the Statement is not so straightforward "that no one could reasonably have thought [the manual] was intended to create legally binding obligations." Id. at 299. Nicosia, 136 N.J. at 413.
b. implied contract
Defendants argue further that even should the disclaimers be found ineffective, they are entitled to summary judgment as to plaintiff's first claim because no jury could find that Sellitto had a reasonable expectation that the progressive discipline provisions of the Manual and Handbook applied to him.
In Witkowski, supra, decided on the same day as Nicosia, the New Jersey Supreme Court considered an employee's claim that an employment manual created an implied contract under Woolley. The trial court had granted summary judgment in favor of the employer, but the Supreme Court reversed, reiterating that "under Woolley, the basic test for determining whether a contract of employment can be implied turns on the reasonable expectations of employees." Witkowski, 136 N.J. at 136.
As here, the job security provisions of the employment manual at issue in Witkowski were detailed and comprehensive, and the employer had distributed the manual widely. Thus material issues of fact arose as to the reasonable expectations of employees and the existence of an implied contract, issues which could not be decided on a motion for summary judgment. See Witkowski, 136 N.J. at 399 (recognizing difficulty of deciding Woolley claims at summary judgment stage).
Defendants' motion for summary judgment is denied as to plaintiff's claim for a breach of the implied contract of employment, which is an issue of material fact to be determined at trial.
2. Breach of covenant of good faith and fair dealing
The second count of the Complaint asserts that Airtron's failure to provide plaintiff a performance evaluation in March 1991 violated the implied covenant of good faith and fair dealing. In his brief, plaintiff seeks to expand this count to encompass Airtron's failure to honor its progressive discipline procedures as described in the Handbook and Manual and its failure to support some of plaintiff's management initiatives.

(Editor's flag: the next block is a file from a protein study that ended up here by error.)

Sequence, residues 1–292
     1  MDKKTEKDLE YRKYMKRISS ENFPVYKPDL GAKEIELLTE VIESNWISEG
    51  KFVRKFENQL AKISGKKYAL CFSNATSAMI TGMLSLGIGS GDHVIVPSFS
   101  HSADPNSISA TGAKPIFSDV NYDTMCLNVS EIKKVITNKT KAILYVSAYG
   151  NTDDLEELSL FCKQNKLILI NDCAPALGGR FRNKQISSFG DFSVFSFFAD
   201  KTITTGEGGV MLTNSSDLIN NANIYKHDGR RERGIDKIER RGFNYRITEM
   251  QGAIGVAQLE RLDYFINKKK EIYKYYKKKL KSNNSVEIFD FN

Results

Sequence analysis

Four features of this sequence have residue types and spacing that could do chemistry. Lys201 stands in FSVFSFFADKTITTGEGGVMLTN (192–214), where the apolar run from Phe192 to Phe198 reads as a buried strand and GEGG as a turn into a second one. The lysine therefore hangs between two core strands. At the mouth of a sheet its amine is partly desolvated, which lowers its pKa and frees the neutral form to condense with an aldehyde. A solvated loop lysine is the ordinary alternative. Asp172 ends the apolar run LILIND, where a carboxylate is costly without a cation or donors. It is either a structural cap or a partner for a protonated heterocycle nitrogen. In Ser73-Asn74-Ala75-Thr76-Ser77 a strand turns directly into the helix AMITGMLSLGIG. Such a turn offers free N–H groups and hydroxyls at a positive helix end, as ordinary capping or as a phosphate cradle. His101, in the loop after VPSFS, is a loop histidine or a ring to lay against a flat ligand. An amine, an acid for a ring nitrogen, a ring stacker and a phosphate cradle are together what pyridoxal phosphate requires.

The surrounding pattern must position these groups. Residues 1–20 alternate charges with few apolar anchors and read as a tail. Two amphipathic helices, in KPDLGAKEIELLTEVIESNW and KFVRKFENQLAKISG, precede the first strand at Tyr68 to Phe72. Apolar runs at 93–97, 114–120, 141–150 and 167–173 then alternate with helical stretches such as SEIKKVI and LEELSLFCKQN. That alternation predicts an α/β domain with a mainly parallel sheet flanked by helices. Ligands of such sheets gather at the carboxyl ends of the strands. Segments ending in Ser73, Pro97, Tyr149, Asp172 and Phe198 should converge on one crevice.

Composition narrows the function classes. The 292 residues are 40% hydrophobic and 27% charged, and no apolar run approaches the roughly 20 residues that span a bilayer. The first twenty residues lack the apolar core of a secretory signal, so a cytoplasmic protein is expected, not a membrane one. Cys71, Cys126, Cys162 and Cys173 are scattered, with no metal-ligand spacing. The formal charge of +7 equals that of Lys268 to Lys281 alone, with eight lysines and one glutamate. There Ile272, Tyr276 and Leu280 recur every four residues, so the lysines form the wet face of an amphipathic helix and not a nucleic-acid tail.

Defendants contend first that because there is no contract there can be no covenant; second, that even should an implied contract be found to exist, because the performance evaluations of all employees were postponed, the covenant as to Sellitto was not breached; third, Airtron's alleged failure to support plaintiff's management initiatives breached no covenant; and fourth, Airtron's failure to honor its progressive discipline procedures would violate express terms of the employment contract, therefore breaching the implied contract, not the implied covenant.
The New Jersey Supreme Court has recognized an implied covenant of good faith and fair dealing in every contract. Onderdonk v. Presbyterian Homes of New Jersey, 85 N.J. 171, 182, 425 A.2d 1057 (1981); Bak-A-Lum Corp. of America v. Alcoa Building Products, Inc., 69 N.J. 123, 129-130, 351 A.2d 349 (1976). "Terms will be implied in a contract where the parties must have intended them because they are necessary to give business efficacy to the contract as written." New Jersey Bank v. Palladino, 77 N.J. 33, 46, 389 A.2d 454 (1978). See Marini v. Ireland, 56 N.J. 130, 265 A.2d 526 (1970) (intent of parties is of "primary importance" in determining what covenants are implied). In the absence of a contract, there is no implied covenant of good faith and fair dealing. Noye v. Hoffmann-La Roche, Inc., 238 N.J. Super. 430, 570 A.2d 12 (App. Div. 1990), certif. denied, 122 N.J. 146, 584 A.2d 218 (1990).